From this sprang the malicious rumours that he had debauched pubescent boys[3] and that he burned with passion for the scandalous attentions of Antinous[4] and that for no other reason he had founded a city named after him or had erected statues to the youth.

Some, to be sure, maintain that these were acts of piety and religious scruple because when Hadrian wanted to prolong his life and magicians had demanded a volunteer in his place, they report that although everyone else refused, Antinous offered himself and for this reason the honours mentioned above were accorded him.

We shall leave the matter unresolved, although with someone of a self-indulgent nature we are suspicious of a relationship between those[5] far apart in age.

Aureus of Hadrian

[v] Deinde, uti solet tranquillis rebus, remissior rus proprium Tibur secessit permissa urbe Lucio Aelio Caesari.

[vi] Ipse, uti beatis locupletibus mos, palatia exstruere, curare epulas signa tabulas pictas; postremo omnia satis anxie prospicere, quae luxus lasciviaeque essent.

[vii] Hinc orti rumores mali iniecisse stupra puberibus atque Antinoi flagravisse famoso ministerio neque alia de causa urbem conditam eius nomine aut locasse ephebo statuas.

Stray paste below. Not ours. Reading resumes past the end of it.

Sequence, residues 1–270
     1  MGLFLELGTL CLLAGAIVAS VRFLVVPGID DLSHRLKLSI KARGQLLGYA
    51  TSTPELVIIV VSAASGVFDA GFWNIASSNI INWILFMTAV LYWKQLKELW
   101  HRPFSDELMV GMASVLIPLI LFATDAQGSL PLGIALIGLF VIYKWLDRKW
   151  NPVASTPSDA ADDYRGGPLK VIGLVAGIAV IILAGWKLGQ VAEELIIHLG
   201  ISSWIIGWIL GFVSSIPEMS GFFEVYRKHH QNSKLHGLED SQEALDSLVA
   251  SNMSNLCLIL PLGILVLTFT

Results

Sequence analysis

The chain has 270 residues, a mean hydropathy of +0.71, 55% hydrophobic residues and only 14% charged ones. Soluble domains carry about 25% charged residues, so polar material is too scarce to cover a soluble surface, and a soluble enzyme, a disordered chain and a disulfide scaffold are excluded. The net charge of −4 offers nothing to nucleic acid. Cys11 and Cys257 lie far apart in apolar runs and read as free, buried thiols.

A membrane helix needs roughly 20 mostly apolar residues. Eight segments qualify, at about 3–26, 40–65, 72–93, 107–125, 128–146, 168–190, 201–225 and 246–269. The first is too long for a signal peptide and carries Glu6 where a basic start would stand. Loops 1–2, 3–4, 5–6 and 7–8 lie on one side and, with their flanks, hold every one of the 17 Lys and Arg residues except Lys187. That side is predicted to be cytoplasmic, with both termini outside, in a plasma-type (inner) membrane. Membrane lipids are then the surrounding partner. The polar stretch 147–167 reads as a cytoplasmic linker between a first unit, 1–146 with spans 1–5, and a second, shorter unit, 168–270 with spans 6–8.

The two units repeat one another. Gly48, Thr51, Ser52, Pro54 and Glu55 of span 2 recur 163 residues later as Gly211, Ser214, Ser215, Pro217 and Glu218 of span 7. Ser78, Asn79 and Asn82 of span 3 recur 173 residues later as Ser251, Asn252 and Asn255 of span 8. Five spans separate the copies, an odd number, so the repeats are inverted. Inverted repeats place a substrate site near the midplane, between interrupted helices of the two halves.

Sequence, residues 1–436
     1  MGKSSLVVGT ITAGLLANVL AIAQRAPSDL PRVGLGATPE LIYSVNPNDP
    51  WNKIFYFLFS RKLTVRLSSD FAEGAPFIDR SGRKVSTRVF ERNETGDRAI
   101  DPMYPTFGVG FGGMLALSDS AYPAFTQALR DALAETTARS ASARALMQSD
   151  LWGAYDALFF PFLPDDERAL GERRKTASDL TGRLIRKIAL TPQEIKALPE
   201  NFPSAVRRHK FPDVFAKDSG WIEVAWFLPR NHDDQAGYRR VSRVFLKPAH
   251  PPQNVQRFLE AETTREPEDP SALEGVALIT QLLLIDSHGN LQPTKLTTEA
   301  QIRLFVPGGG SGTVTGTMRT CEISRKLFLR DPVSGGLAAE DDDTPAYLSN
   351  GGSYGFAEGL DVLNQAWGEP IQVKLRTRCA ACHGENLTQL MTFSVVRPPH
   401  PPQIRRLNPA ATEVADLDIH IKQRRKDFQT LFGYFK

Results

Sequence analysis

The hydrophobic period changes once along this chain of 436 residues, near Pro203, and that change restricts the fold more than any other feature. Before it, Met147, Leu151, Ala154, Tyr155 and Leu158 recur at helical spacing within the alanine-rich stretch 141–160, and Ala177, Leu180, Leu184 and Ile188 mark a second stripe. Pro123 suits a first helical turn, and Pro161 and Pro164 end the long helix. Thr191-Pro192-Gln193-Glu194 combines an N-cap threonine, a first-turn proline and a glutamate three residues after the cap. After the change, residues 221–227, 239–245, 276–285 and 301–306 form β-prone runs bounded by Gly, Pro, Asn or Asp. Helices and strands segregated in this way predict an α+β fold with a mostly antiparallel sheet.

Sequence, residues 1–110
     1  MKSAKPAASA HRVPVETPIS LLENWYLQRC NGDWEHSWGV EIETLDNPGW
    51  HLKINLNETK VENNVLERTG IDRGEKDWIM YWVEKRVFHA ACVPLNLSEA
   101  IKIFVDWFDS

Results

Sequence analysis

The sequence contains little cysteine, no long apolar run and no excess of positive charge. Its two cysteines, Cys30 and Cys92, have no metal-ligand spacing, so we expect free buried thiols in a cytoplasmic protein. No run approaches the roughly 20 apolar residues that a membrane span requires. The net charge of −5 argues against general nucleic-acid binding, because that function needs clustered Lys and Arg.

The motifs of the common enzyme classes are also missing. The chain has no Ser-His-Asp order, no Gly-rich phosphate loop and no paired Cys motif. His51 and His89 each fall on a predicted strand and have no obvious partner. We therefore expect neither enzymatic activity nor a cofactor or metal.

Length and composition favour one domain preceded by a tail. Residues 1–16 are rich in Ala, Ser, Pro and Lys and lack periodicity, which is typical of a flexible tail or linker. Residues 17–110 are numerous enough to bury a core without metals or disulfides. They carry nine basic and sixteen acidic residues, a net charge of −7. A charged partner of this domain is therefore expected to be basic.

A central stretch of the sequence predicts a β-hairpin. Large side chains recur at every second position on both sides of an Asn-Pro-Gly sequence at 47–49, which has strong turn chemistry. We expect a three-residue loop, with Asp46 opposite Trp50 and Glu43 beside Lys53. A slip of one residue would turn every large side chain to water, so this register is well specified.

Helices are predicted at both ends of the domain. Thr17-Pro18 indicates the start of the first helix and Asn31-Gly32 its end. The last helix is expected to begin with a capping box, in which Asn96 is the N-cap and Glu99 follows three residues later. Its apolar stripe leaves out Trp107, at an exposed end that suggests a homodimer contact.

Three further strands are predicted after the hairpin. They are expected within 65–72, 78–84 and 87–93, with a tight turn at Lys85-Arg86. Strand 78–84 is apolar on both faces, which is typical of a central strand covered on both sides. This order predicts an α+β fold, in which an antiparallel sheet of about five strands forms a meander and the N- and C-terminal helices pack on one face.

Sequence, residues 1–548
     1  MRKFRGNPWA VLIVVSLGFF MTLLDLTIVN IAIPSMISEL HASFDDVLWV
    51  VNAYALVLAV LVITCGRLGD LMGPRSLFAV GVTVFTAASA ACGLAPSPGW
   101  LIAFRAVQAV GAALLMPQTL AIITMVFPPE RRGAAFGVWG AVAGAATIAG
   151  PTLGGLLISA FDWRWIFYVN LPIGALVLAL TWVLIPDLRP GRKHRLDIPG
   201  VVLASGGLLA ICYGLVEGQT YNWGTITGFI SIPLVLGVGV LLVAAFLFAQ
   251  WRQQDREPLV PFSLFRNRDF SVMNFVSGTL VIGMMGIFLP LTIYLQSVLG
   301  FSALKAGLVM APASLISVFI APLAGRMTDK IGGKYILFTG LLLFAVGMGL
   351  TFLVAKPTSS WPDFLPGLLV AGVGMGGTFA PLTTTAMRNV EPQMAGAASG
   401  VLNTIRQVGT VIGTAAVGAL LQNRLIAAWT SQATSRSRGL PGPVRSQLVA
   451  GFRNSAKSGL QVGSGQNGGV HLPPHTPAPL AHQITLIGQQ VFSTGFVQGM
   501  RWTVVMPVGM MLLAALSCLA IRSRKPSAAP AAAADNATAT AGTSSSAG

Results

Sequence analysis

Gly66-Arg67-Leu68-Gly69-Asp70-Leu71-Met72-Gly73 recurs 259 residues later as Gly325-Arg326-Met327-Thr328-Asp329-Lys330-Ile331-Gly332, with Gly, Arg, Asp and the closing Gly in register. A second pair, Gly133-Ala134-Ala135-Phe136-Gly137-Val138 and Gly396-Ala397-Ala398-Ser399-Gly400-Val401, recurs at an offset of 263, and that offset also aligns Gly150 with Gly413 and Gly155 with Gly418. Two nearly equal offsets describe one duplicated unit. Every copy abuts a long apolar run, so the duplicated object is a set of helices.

[viii] Quae quidem alii pia volunt religiosaque: quippe Hadriano cupiente fatum producere, cum voluntarium ad vicem magi poposcissent, cunctis retractantibus Antinoum obiecisse se referunt, hincque in eum officia supra dicta.

[ix] Nos rem in medio relinquemus quamquam in remisso ingenio suspectam aestimantes societatem aevi longe imparilis.

Medallion of Antinous, Mantineia 131-2

 

23. Marcus Antoninus … called Heliogabalus

Describing “Heliogabalus”, who reigned 218-222:

Not even shameless and wanton women were more depraved than he; in fact he searched the whole world for the lewdest men so that he might watch them or participate in their practice of filthy obscenities.[6]

Since these were multiplying day by day and love for Alexander, whom the nobility had proclaimed Caesar after learning of Opilius' death, was increasing more and more, he (Heliogabalus) was overthrown in the praetorian camp in the thirtieth month of his reign.